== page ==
Cluster-merging has been investigated in ([Jung et al. 2007]; [Willig et al. 2010]; [Jurdak et al. 2008]; [Bandara et al. 2008a]; [Ferreira & Rocha 2007a]; [Wei et al. 2006]; [Campos et al. 2005]; [Misic et al. 2005]; [Misic & Fung 2007]). Wei et al. ([Wei et al. 2006]) describe a cluster-merging algorithm where link Optimization gets the priority. In 802.15.4 networks, a very close work to ours has been done by Misic et al. ([Misic et al. 2005]; [Misic & Fung 2007]) where IEEE802.15.4 network clusters are interconnected through a master–slave bridge. However, they take up the issue of cluster merging as a post-neighboring PAN detection process, bypassing the definition of the mechanics to discover a neighboring PAN. They propose inter-PAN communication in beacon-enabled mode. According to their model, inter-PAN communication is established through a single point, viz. the PAN coordinator.


The following scenario is aimed at signifying the need to diffuse WPANs. Consider a military application as shown in Figure 1 which shows troops belonging to different corps who work in their respective groups, and also corroborate closely with each other by sharing tactical information. The troops in each company (group of upto 150 people) are each equipped with a sensor device. For example company ‘A’ forms PAN A and company ‘B’ forms PAN B. As their mission, troops in the company ‘A’ of the corps of engineers detect man and tank mines and share this information with their allies in company ‘B’ of the corps of infantry using wireless networks as the communication medium. This information is diffused across the two PANs through sensor devices that are in close proximity of each other. Likewise, troops in the infantry role can share information regarding the time and location of next offensive with their allies in the engineering role. In this scenario each company is required to keep its identity intact thus mandating PAN diffusion.
Figure 1

Military application scenario for PAN diffusion through border nodes of neighboring WPANs.


The BordeR-node assIsted Diffusion through Gating mEchanism (BRIDGE) architecture comprises of the following basic procedures:
  1. a)

    Border nodes identification (BAIT)

  2. b)

    Gating mechanism (BIND)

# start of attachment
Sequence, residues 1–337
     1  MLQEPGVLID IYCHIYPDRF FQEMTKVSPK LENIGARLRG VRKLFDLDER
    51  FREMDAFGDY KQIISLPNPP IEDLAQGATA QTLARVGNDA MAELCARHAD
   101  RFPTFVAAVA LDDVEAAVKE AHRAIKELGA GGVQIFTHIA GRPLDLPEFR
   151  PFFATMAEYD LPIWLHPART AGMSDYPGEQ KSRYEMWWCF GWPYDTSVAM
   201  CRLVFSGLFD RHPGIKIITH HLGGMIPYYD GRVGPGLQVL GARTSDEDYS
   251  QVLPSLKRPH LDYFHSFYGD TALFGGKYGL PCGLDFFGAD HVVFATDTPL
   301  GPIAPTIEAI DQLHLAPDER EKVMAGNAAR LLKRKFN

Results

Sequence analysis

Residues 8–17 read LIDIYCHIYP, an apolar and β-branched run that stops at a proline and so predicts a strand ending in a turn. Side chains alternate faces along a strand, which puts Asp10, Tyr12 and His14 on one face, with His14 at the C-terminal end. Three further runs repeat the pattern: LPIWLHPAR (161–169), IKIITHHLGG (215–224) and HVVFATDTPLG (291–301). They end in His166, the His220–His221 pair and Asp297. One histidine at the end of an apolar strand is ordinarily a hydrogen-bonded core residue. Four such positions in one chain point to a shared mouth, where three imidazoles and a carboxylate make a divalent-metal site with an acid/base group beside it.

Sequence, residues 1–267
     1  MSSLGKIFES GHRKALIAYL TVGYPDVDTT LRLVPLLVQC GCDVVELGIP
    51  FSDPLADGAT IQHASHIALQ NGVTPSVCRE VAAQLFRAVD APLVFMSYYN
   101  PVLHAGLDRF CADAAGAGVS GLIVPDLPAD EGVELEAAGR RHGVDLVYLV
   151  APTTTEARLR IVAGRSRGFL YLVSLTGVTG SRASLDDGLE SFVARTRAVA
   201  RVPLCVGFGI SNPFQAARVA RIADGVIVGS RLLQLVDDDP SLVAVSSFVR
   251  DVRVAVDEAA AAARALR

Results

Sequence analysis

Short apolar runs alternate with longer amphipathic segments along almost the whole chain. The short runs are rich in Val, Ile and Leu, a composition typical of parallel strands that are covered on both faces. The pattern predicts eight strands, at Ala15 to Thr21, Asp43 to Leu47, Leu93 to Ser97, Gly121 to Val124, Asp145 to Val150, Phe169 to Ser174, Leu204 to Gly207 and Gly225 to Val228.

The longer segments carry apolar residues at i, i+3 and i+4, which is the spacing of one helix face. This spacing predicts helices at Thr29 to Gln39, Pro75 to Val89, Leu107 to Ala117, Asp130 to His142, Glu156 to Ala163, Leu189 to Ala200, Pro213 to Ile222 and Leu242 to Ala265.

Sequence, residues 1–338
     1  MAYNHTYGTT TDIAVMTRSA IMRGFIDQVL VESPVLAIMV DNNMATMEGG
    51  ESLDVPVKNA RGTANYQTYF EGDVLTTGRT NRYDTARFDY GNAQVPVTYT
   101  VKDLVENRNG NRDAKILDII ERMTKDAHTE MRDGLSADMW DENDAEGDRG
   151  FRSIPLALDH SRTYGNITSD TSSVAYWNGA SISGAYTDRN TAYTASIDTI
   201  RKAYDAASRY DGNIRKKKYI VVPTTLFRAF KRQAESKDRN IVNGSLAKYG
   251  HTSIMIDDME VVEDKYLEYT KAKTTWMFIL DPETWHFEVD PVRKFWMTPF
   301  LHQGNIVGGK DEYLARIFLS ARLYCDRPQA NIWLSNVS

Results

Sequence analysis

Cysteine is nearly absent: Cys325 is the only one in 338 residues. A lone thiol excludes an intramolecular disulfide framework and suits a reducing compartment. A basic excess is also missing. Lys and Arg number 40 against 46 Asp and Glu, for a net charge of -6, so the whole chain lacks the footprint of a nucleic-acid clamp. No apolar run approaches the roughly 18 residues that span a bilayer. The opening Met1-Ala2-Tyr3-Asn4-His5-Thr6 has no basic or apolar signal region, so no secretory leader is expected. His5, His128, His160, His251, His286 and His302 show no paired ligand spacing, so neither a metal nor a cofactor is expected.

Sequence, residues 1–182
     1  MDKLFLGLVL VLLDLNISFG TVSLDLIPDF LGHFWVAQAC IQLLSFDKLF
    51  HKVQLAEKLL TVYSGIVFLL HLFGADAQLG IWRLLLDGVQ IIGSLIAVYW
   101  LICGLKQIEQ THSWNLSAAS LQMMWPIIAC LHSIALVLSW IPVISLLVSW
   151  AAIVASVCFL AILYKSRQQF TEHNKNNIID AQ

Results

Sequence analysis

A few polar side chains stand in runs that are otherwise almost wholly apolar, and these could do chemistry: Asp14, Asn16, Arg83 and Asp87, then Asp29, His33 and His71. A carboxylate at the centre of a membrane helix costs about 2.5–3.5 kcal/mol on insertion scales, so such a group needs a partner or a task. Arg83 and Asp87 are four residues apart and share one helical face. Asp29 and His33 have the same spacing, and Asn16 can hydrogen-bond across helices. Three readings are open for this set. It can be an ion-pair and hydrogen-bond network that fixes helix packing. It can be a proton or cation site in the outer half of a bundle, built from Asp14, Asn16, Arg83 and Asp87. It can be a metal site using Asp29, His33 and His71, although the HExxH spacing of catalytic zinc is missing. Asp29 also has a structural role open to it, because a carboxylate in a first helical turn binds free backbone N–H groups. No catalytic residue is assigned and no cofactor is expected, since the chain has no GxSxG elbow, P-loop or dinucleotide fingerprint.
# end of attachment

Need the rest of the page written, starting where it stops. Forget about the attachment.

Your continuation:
3. c)

    Inter-PAN data communication (SEND)

The procedural flow of BRIDGE with functional description of procedures is shown in Figure 2.
Figure 2

Procedural flow and functions of BRIDGE.

Bordering nodes indentificAtIon for gaTing (BAIT)

BAIT operation is initiated at the PAN coordinator where border nodes are detected and their Ids are stored at PAN initialization. Node Id assignment in WPAN follows formula, F C = M C * A P + N 0 < N M C where FC stands for ‘address of first child node’, MC stands for ‘maximum allowed children’, AP stands for ‘address of parent node’ and N represents the ‘Nth child node’. PAN coordinator runs Algorithm 0 (Additional file 1) for border node detection.

Node Ids of border nodes are stored at PAN coordinator, at this stage PAN coordinator sends pre-gate command to border nodes to initiate foreign PAN(s) discovery. Border nodes run algorithm 1 (Additional file 2) and respond to pre-gate command. Response is positive if foreign PAN is discovered and negative otherwise.

PAN coordinator stores border nodes Ids that positively respond and also retrieves foreign PAN information on the basis of foreign PAN Id. Those border nodes that positively respond to pre-gate are termed as bridge nodes. Timing diagram is given in Figure 3.
Figure 3

Timing diagram for pre-gate.

Border Nodes for GatINg through Duty cycle assignment (BIND)

The BIND procedure is carried out through Algorithm 2 (Additional file 3). The gate command is issued by the PAN coordinator upon receiving the affirmative acknowledgement [Resp(pre-gate) = true] from border node(s) and executed at the border nodes. The PAN coordinator issues duty cycle and resumes normal operation.

The border node(s) execute the gate command, alternating between the local channel and the foreign channel based on duty cycle issued by the PAN coordinator (Figure 4). Duty Cycle is the ratio of time elapsed in neighbor PAN logical channel and parent PAN logical channel. The node randomizes the start of switching between the local and foreign channel. If bridge node does not overhear foreign PAN i.e. CarrierSense is false for time (MAX_QUITE_Time) it sends DROP message to PAN coordinator. Upon receiving this message from all bridge nodes, PAN coordinator sends Terminate_Gate command to all bridge nodes.
Figure 4

Execution of gate command.

Border SEnsor Node based inter-PAN Data transfer (SEND)

When a neighboring PAN is discovered, coordinator advertises about the presence of the foreign PAN to all sensor nodes. Before data transfer, sensor nodes must use an interest-based mechanism to solicit data. The data structure for such interest is application-specific and does not mandate explanation here. There are three possible ways for inter PAN interest and data transfer.

  • Paradigm 1: The home-PAN notifies all sensor nodes under its control about the presence of foreign PAN with a specific role. An ordinary sensor node in PAN ‘A’ if interested in information of interest from foreign PAN forwards inter-PAN data to the coordinator of PAN ‘A’. PAN ‘A’ coordinator has information about bridge nodes therefore it sends this data to PAN ‘B’ coordinator through bridge nodes. PAN ‘B’ coordinator then sends data to the destination sensor node of PAN ‘B’.

  • Paradigm 2: Another option is for the home-PAN to broadcast to all sensor nodes, not only information about foreign-PANs but also the Ids of bridge nodes through which foreign-PANs can be accessed. In this way, sensor nodes in PAN ‘A’ may send data directly to bridge nodes. For this way of communication, coordinator must announce the Ids of bridge nodes along which type of foreign PAN to which a node can connect through some particular bridge nodes. The bridge node then sends data to the destination node in PAN ‘B’.